Although I do not know that for sure, I suspect that this could be the case for the Polish company KBL Sound. I had a pleasure of testing two sets of their cables from the Red Eye Ultimate and Himalaya series. Both, in my opinion, presented the world class in terms of performance and build quality. I haven’t had a chance before to use previous versions of the Reference Power Distributor, but some of my friends whose opinions I trust, have and they praised it too. So when I was offered an opportunity to listen and assess the latest work of KBL Sound, the flagship power cable of the recently introduced Trichord Power series, called Synchro Master Power, and the latest, third version of the RPD-6 power distributor (including the Wood Base) I simply couldn’t refuse. So here we go with the review of these two latest products.
Synchro Master Power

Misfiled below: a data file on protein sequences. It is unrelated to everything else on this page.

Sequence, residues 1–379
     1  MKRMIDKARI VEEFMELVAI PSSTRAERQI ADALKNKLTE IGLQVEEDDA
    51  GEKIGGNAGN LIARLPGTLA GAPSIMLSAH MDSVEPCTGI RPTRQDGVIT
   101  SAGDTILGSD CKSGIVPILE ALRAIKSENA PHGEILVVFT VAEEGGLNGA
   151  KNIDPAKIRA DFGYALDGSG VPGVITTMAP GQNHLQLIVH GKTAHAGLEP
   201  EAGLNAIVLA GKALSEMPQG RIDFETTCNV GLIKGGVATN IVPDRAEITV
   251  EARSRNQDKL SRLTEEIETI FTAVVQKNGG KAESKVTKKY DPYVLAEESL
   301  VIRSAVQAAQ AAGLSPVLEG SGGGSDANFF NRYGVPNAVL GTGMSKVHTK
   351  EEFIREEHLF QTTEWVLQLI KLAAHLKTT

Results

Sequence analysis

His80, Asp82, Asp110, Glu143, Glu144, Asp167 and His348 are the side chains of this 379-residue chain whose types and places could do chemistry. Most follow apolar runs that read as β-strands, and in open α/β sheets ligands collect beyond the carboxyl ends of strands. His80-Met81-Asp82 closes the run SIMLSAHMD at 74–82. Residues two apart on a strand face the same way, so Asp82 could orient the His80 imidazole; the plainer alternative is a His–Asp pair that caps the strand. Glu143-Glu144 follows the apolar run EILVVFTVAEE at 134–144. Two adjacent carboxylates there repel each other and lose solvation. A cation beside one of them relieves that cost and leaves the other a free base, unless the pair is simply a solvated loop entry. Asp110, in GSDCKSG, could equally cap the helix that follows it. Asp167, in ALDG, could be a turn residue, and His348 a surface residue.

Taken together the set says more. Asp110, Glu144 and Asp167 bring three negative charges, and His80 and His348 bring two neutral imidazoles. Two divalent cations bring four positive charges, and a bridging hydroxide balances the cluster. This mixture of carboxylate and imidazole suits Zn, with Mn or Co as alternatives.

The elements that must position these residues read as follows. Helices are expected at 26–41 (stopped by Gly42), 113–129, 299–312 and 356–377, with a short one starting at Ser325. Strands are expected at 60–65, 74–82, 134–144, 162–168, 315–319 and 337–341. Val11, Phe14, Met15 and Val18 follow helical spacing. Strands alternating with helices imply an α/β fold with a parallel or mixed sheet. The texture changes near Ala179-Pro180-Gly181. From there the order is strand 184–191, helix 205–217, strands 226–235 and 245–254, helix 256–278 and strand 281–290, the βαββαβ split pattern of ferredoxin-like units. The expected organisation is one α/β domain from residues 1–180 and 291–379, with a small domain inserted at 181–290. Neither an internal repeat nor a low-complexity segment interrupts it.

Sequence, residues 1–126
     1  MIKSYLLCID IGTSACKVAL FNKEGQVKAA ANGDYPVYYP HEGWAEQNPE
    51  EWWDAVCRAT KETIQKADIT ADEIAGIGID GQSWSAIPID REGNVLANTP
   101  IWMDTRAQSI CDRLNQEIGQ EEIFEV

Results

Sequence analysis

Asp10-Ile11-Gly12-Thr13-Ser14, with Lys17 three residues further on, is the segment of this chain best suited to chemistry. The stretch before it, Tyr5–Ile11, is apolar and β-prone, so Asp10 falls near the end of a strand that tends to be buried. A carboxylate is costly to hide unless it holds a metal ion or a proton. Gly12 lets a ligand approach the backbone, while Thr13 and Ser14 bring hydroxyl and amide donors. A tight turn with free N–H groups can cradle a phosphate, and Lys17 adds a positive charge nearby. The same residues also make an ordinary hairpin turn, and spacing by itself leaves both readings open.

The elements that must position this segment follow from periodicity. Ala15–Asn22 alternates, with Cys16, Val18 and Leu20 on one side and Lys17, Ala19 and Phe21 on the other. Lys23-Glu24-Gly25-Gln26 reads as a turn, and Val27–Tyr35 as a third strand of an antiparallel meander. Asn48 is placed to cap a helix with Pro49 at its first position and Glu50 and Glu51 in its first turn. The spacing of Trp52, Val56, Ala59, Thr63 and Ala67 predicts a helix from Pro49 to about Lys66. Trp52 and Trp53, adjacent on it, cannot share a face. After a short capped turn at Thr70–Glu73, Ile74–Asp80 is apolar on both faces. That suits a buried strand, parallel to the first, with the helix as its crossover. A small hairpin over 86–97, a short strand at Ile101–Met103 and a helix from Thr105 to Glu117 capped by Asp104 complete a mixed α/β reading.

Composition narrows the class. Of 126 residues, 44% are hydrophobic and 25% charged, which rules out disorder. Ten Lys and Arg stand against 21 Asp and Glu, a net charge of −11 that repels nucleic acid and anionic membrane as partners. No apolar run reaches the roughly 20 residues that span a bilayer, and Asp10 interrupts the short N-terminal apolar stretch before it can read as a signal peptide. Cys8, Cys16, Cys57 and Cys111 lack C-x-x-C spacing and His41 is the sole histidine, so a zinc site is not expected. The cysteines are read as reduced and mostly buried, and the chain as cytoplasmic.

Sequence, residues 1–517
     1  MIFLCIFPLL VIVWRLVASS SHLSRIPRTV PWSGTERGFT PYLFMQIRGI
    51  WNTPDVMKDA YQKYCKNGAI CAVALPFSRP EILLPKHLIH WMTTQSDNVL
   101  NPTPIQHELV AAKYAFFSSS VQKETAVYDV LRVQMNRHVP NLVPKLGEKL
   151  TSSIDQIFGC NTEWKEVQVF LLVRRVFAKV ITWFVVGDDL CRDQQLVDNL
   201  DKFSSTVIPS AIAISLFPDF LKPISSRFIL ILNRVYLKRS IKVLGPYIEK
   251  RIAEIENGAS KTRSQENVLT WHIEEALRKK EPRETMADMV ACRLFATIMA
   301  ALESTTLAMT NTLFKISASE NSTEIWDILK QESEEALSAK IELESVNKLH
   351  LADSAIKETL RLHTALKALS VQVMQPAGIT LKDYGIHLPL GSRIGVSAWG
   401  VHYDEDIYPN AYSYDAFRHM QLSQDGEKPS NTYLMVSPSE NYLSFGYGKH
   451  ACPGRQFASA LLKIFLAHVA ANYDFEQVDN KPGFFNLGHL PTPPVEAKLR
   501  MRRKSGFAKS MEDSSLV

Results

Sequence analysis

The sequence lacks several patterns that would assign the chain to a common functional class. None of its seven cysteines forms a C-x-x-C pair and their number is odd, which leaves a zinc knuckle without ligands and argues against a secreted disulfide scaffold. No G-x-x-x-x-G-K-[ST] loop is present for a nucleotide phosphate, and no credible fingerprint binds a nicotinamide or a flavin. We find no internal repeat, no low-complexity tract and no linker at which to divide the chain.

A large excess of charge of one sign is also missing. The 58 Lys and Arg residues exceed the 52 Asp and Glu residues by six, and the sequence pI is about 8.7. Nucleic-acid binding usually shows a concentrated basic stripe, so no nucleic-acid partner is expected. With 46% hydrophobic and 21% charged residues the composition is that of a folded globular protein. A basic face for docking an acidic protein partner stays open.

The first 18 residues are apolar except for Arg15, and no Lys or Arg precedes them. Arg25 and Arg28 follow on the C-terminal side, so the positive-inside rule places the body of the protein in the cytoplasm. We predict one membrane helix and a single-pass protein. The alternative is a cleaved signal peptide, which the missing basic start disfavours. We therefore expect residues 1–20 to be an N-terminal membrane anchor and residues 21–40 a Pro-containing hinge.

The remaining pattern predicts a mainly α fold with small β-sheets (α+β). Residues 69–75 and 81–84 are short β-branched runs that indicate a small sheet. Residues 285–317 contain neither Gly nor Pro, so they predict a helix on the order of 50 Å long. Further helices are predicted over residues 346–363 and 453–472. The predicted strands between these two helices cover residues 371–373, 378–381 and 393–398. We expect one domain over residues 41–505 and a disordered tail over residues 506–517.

Let’s start with the power cable. The Synchro Master Power is a part of a new line of power cables (unlike other series that include also signal cables). There are currently three models in it. In addition to the flagship there is also the Solaris and Mirror Master Reference. As the manufacturer points out, this is a completely separate series unrelated to the rest of the lineup. The manufacturer used a method of product development quite often followed by small manufacturers (not only them – Oppo Digital success on the audio market with its inexpensive, multi-format players was achieved the same way) of audio components. They developed a number of prototypes, made their own pre-selection of the most promising units and then delivered them to trusted customers, owners of mid- and high-class system for evaluation and their feedback. This phase of beta testing is, as I have heard from many manufacturers from around the world, very useful, because firstly the creators themselves are not always able to assess the fruits of their work objectively and secondly they have a few (at most) systems they can test new products in and that’s sometimes is not enough. After all, it’s manufacturer’s job to make sure that a new product works well in most, if not every system. By providing cables to different (preferably not accidentally chosen) people who own diverse systems and collecting feedback from them, manufacturer should be able to prepare better and more versatile products. Such tests give them also certainty that the new product is not only THAT good in their own opinion, but that the others, potential buyers, share this belief. Therefore, the specific versions of these three models were selected using feedback from a group of experienced audiophiles, representatives of future buyers.